Rep. Jonathan Stickland, a Fort Worth-area Republican, proposed the unlicensed open-carry proposal, which he calls “constitutional carry.”
He described the incident in Nevárez's office as “unfortunate” (afterward, he wore an “I am Poncho” sticker). But he said restricting gun rights is offensive, too. “Texans are shocked when they hear places like Vermont have more rights than we do,” Stickland said.
Lt. Gov. Dan Patrick, a tea party Republican, met last month with Kory Watkins, one of the activists who confronted Nevárez, and afterward referred both open-carry proposals to committee, fast-tracking them along with “campus carry” legislation that would allow concealed handgun licensees to bring their guns to universities.
Watkins, leader of Open Carry Tarrant County, has drawn criticism for accusing lawmakers who oppose open carry of treason, which they interpreted as a threat.
Earlier this month, after a nearly eight-hour public hearing that included testimony from a slew of opponents and supporters, a state Senate committee approved the proposals for campus carry and open carry for those with licenses.
Austin Police Chief Art Acevedo was among those who testified against open-carry proposals, saying they would place a burden on police, who would have to be retrained and would likely have to respond to more calls involving guns.
Watkins was among those testifying for the unrestricted open-carry proposal, noting afterward that once the state requires a license, “You no longer have a right — you're asking for a privilege.”
Republican Gov. Greg Abbott has said open-carry legislation is likely to pass. In his state of the state address this month, Abbott vowed to “expand liberty in Texas by signing a law that makes Texas the 45th state to allow open carry.”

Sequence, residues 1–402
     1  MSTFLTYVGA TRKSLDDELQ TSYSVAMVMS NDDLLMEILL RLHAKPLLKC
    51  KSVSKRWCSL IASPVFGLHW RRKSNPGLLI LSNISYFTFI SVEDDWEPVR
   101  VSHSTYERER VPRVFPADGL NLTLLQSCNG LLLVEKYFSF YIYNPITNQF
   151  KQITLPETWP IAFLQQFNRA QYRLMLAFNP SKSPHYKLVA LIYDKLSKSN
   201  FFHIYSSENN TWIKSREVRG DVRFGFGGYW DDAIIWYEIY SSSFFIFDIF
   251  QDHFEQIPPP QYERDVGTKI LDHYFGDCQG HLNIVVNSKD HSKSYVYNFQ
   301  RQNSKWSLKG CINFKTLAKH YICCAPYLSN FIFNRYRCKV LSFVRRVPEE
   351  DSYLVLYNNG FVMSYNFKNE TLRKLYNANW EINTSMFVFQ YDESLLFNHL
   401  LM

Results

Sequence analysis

Opponents said gun rights activists' behavior shows they can't be trusted with open carry.
“This is not a reality show — this is real life, and these laws will have a real effect on the safety and sanity of our communities,” said Claire Larson, a veteran and former rifle instructor who represents the Texas Chapter of Moms Demand Action for Gun Sense in America.
“There are too many safety concerns for us,” Larson said. “We don't want to be at the playground or the grocery store and have to make a split-second decision — is that a good guy with a gun or a bad guy?”
Nevárez, the Eagle Pass Democrat, said he wasn't opposed to all open-carry legislation, but the confrontation in his office convinced him that it would be irresponsible now. He criticized Patrick for changing his stance after meeting with the activists.
“If they had come here another way, they might have found an ally,” Nevárez said, but now, “I don't want to reward bad behavior.”
Watkins countered, “The only bad behavior there was, was his. He took an oath to defend the Constitution.”
C.J. Grisham is president and founder of Open Carry Texas, a nearly 38,000-member group that helped draft the unlicensed open-carry proposal. He said all gun rights supporters shouldn't be judged by the actions of one group.
“To hold that against an entire movement is absurd,” Grisham said. “If people vote what Texas wants, we're going to get it.”